6 posts / 0 new
Last post
Les Bubka
Les Bubka's picture
Jodan Uke vs Shuto Uke

I love it when students ask questions. Sometimes as a teacher I think that some things are obvious and everyone knows what I mean. In that moments it is great to have students who are not afraid to ask questions, even if they think they are trivial.

On our last session one student asked about the difference between Jodan and Shuto Uke, as for that student they feel very similar. Here's my explanation about the differences from my perspective.

Kind regards

Les

Marc
Marc's picture

Good ideas you present for the differences between Age-Uke (Jodan-Uke) and Shuto-Uke.

I would point to a more fundamental difference, and that's the direction of the impact. Both techniques can be used to trap an arm with the back hand and attack the neck with the forearm of the front hand. Age-Uke drives forward and upward - I would describe it as smashing/pushing - with the full body weight behind it. Shuto-Uke swings outward and a bit downward - I would describe it as slashing/slamming - with more rotational force.

On the surface an Age-Uke done by a tall person on a smaller person can look quite similar to a Shuto-Uke administered by a small person on a taller person. Still the way power is generated by the two techniques differs.

Interesting question by your student. Looking forward to reading more explanations by other forum members.

All the best,

Marc

Les Bubka
Les Bubka's picture
Hi Marc This is the perfect example of me thinking that everyone knows this :) I forgot to mention different force direction as you pointed out. Thanks Marc
Iain Abernethy
Iain Abernethy's picture

The comparison of two core techniques is a very interesting topic! Here’s my thoughts:

They do have differing roles, but they are not entirely different. Both involve the forearm striking the neck and both have an active back hand. They can therefore blend into one another in certain circumstances; especially during live practise. I can therefore understand the comment that they feel similar. In their “pure form” the core differences would be:

Stance:

Shuto-Uke: Back leg bent so weight directed to rear hand, which is consistent with the core role of clearing the enemy’s limbs (which are typically free).

Age-Uke: Front leg bent so weight is directed toward the striking hand, which is consistent with the core role of forcefully striking while gripping the enemy’s arm (which is typically secured).

Direction of Strike:

As Marc has pointed out, Age-uke delivers a rising force and Shuto-Uke delivers force on an arc / forward (depending on the specifics of the style).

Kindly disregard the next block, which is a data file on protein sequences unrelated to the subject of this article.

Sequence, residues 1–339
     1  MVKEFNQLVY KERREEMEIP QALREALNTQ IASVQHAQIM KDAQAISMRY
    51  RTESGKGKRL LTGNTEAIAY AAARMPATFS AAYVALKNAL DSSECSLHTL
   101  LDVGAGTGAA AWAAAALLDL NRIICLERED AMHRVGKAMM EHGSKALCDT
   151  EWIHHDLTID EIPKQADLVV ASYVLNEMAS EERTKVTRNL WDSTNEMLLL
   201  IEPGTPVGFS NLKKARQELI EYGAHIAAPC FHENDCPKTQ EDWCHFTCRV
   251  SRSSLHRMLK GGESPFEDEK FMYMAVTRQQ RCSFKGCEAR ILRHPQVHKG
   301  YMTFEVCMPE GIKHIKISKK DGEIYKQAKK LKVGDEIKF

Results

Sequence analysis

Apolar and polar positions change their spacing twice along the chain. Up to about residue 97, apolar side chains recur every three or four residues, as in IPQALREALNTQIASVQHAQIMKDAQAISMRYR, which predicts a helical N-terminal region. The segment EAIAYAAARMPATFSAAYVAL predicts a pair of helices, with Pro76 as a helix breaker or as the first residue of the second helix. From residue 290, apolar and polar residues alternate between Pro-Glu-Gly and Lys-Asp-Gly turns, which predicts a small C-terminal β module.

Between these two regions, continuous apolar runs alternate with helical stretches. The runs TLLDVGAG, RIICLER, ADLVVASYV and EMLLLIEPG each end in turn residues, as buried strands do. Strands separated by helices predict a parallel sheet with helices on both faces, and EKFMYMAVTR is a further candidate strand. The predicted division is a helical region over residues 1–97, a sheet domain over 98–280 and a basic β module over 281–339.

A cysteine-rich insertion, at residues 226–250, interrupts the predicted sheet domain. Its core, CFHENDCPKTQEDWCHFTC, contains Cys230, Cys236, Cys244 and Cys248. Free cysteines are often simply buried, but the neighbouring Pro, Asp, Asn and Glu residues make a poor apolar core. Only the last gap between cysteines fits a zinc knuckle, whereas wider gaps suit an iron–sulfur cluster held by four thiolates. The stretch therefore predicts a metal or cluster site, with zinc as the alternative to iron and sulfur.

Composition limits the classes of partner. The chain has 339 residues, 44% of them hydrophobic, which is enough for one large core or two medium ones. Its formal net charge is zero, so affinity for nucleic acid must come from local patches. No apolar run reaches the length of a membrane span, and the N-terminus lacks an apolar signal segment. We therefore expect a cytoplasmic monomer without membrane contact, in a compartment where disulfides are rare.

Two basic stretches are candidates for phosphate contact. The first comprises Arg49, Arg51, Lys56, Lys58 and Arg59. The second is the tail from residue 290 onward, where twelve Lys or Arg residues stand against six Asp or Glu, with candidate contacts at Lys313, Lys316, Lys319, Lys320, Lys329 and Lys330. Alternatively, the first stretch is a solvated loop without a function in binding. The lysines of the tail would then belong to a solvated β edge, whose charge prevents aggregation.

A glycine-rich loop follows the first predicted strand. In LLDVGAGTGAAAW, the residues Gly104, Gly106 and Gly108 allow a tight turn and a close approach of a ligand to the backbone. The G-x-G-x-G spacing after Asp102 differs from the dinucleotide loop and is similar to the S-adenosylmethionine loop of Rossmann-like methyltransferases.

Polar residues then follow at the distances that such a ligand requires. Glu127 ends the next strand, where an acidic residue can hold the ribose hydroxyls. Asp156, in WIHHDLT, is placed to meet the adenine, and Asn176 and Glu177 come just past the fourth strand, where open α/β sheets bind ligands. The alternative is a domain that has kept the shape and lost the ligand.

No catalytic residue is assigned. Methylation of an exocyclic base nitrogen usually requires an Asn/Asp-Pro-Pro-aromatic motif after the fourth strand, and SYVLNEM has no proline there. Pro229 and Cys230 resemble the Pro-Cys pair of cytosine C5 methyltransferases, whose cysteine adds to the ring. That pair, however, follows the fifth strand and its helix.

Role of the back hand:

Shuto-Uke: A open back hand across the chest suggests controlling the elbow.

Age-Uke: A closed hand further back suggests controlling the wrist.

The optimal weight distribution (stance) will ultimately be determined by the situation. The direction of the strike will likewise be determined by the relative position of the two combatants i.e. their height, posture and direction of movement. Finally, the specific grip on the arm will be whatever is secured. So, while the methods are distinct in they way the kata shows them, it is certainly possible for the methods to blend into a hybrid in free flowing application.

One final thought is that it could be your student is generally training with people who are taller. This means that the Age-Uke is unlikely to be coming up from below and hence,having been adapted for height differences, will have a forward / from the side feeling also associated with Shuto-Uke; which does that by design as opposed to default.

Good video as always Les! Good topic for discussion too!

All the best,

Iain

Marc
Marc's picture

Great systematic explanation, Iain. Thank you.

Iain Abernethy wrote:

Stance:

Shuto-Uke: Back leg bent so weight directed to rear hand, which is consistent with the core role of clearing the enemy’s limbs (which are typically free).

Age-Uke: Front leg bent so weight is directed toward the striking hand, which is consistent with the core role of forcefully striking while gripping the enemy’s arm (which is typically secured).

Yes including the typical stance in the analysis make sense, and it supports the direction of force of the technique. We could say that the back stance is pulling the enemy into the strike, wheras the front stance is pushing the strike into the enemy (both provided the back hand trapped an arm).

Iain Abernethy wrote:

The optimal weight distribution (stance) will ultimately be determined by the situation. The direction of the strike will likewise be determined by the relative position of the two combatants i.e. their height, posture and direction of movement. Finally, the specific grip on the arm will be whatever is secured. So, while the methods are distinct in they way the kata shows them, it is certainly possible for the methods to blend into a hybrid in free flowing application.

Just as Funakoshi said in his precept 18/20: "Kata is the ideal form. A real fight is a special case." (形は正しく 実戦は別物。 - Kata wa tadashiku jissen wa betsu mono.)

Or as Mick Jagger sang "You can't always get what you want." (あなたはいつもあなたが欲しいものを得ることができません。 - Anata wa itsumo anata ga hoshī mono o eru koto ga dekimasen. ;-)

Take care,

Marc

PASmith
PASmith's picture

One of the bedrock methods of the kata seems to be "smash your forearm into his head/neck". Almost as a general principle. Something gross motor and powerful that doesn't necesarilly need fine tuned targetting or a well conditioned striking surface (as befits a civilian self protection method I think).

Many variations of smash up, smash across, smash out, smash in, smash down, smash around, etc. It only seems right that they merge and adapt as needed. In much the same way the punches in boxing can become hybrids of more than one type of punch (shovel hook, up-jab, etc). As long as you are smashing something it's all good.